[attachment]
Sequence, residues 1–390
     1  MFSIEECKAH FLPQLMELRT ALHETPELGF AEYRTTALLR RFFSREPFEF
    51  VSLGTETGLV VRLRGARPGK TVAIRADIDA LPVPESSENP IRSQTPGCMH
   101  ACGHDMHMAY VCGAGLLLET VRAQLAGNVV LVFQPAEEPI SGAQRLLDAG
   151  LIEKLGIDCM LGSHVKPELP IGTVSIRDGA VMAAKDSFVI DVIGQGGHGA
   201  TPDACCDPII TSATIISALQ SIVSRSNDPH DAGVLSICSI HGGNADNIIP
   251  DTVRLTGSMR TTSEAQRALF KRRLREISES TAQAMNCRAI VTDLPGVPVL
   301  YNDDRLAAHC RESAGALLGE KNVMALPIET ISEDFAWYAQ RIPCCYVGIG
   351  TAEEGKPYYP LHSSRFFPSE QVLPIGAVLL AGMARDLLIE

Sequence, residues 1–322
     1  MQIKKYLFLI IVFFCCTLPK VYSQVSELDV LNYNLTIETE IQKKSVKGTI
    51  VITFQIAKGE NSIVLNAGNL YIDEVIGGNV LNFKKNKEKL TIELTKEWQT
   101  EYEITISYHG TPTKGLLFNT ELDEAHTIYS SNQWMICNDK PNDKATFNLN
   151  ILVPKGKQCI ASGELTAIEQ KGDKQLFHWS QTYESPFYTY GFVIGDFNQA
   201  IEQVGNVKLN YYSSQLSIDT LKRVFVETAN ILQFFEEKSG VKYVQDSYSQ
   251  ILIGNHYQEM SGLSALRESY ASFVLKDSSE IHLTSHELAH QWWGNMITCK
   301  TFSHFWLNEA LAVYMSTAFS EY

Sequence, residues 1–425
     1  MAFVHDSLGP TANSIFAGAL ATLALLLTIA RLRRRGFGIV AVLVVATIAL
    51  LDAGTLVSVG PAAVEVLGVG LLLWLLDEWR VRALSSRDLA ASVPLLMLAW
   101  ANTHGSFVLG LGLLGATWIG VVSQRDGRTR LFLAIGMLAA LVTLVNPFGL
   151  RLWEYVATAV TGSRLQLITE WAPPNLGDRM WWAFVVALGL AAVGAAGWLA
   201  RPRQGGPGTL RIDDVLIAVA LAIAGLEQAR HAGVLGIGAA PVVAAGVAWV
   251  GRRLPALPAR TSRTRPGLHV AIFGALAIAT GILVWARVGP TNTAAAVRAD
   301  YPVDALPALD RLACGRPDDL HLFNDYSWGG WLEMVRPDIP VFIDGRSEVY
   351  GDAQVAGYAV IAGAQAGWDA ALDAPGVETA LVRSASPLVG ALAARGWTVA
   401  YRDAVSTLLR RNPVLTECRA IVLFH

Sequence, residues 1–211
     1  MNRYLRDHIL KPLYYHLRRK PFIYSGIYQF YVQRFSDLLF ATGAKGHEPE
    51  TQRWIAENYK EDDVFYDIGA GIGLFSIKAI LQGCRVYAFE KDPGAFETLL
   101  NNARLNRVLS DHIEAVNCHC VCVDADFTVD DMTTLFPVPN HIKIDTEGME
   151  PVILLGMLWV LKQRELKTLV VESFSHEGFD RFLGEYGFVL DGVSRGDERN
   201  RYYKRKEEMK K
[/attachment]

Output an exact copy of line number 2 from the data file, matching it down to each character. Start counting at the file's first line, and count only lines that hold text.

     1  MFSIEECKAH FLPQLMELRT ALHETPELGF AEYRTTALLR RFFSREPFEF